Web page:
This metaphorical song is connected with nature. Many people would definitely be affected by torrential rain. However, it is only God who knows the exact number of people who would be drenched in the rain. Similarly in Iwogbe, a movie produced by Bayowa Films and Music International, Faleti opens the movie with a short prelude. He plays the role of Alhaji Kamarudeen Koya, also known as Abulesowo, a real estate mogul, who believes in tradition. Koya, in the movie, represents the sanctity of traditional beliefs in being morally upright despite the societal pressure for corrupt enrichment. Koya is eventually helpful to his client, who suffers insanity.

Some of the songs that Koya sings in the movie include: Yoo san ko san,/Olorun ma fi were dan wa wo!/Yoo san ko san!

According to the Yoruba saying: ‘were dun wo loja, ko se bi lomo,’ meaning, an insane person is better watched in the market square rather than having him or her as a child. This prayer song is beseeching God that we should not be inflicted with insanity, whether curable or not.

Ile onirikisi,/Iri ni yoo wo!

This song admonishes hypocrites and evildoers to desist from their callous ways else all of their investments would be destroyed in their lifetime: Eye tun ile se, (2ce)/Ere ikoko tun ile se demi o/Eye tun ile se!

Nobody that loves a messy neighbourhood. This song is a call on the pigeon to make the house tidy for his arrival. This metaphorical song is calling on people to ensure that their character can prepare the way for them ahead future occurrences.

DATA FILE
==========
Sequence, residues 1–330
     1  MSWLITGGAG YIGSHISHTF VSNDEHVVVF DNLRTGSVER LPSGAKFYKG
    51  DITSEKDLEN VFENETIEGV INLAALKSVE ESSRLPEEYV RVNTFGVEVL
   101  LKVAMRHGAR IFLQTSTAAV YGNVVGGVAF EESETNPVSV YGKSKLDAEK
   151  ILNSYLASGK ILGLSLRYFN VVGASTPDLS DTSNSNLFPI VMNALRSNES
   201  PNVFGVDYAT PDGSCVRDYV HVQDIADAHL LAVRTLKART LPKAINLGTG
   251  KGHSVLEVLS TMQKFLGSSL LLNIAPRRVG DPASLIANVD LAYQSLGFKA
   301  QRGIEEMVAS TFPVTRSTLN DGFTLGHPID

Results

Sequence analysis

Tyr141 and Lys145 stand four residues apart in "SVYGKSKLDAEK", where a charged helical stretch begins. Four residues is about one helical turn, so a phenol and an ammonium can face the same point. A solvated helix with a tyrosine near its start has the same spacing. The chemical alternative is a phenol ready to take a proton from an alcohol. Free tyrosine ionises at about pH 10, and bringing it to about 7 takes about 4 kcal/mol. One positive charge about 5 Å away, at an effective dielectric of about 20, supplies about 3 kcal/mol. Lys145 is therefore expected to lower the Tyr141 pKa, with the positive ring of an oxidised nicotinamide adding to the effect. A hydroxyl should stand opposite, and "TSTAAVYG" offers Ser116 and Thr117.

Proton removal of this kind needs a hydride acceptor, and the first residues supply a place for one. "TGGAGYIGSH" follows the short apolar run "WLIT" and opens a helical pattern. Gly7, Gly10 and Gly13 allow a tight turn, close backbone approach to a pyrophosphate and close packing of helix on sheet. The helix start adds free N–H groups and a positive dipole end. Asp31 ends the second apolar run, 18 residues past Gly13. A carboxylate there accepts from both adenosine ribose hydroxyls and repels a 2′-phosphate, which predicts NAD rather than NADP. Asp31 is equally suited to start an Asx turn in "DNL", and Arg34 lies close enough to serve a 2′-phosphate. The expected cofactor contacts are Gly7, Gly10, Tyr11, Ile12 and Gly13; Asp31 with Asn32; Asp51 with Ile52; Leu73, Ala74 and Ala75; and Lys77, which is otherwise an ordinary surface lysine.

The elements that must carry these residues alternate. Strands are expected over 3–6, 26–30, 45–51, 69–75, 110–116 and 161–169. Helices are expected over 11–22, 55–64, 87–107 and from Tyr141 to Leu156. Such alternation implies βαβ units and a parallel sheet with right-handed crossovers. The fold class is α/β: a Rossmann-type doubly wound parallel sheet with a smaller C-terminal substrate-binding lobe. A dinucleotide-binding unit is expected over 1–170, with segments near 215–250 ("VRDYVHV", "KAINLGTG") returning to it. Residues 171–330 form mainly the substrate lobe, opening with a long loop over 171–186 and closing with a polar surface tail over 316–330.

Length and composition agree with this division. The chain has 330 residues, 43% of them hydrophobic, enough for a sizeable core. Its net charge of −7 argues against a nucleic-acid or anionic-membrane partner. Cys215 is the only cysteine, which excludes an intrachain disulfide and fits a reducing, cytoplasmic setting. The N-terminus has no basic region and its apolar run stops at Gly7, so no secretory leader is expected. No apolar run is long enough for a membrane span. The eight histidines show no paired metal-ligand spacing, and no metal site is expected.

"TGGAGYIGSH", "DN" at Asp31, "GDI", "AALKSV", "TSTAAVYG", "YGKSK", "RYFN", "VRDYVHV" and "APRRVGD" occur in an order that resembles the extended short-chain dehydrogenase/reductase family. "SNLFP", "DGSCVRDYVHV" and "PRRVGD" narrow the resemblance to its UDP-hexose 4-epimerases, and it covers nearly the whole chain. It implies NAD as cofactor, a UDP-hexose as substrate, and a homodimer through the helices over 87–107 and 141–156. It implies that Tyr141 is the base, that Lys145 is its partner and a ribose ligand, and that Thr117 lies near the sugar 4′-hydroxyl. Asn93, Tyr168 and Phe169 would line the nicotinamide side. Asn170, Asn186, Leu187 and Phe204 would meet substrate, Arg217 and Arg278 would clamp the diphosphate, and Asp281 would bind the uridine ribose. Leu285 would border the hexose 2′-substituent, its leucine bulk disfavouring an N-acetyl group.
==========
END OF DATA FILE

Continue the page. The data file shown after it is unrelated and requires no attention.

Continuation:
In Ejalonibu, a movie written by Yemi Ademokoya and produced by Yemad Films Productions in 2001, Faleti is introduced towards the end of the movie as Baba. As typical of the Yoruba, ‘oro ti a ni ki Baba ma gbo, Baba ni yoo pari re,’ meaning, ‘the father of the house would be finally consulted to resolve all the knotty issues that were previously hidden from him.’ The intervention of Faleti as Baba resolves the tension that has built up between the siblings. The younger brother is the surrogate father to the son of his elder brother. They have a prior meeting before coming to a larger meeting, where the elders ask the son, who he prefers to his father. The son says since the elder brother pays his mother’s bride price, he remains his father. The only song that Faleti leads in the movie goes thus: Eru mi papo ju,/O ri pe orun wo mi,/O gba eru fun mi, o dogun,/Igba ti a de ibuso,/Oni ki n gberu kale,/Ki n gbori lasan lo ile wa,/Eemo loru o,/Iwo ko loni o

The song is a call on those who trick their associates and convert what does not rightly belong to them as a forbidden parcel. This is one of the virtues fast receding in our society and it has become an albatross that has destroyed the concept of ‘Omoluabi,’ which sets boundaries in our relationship with everyone.

Asides playing roles that are adequately spiced with music, Faleti took part in other movies, where he evidently showcases the Yoruba culture, tradition and history. He wrote Thunderbolt (Magun), a Mainframe Productions film in 2001. He was an herbalist, who interprets the challenges of the Corps member, who is being maltreated Ngozi, an Igbo lady who is married to a Yoruba man, Yinka. She has been jinxed with Magun and the cultural difference really deepens the issues around the so-called “African AIDS”. However, the use of incantations is prominent in this movie.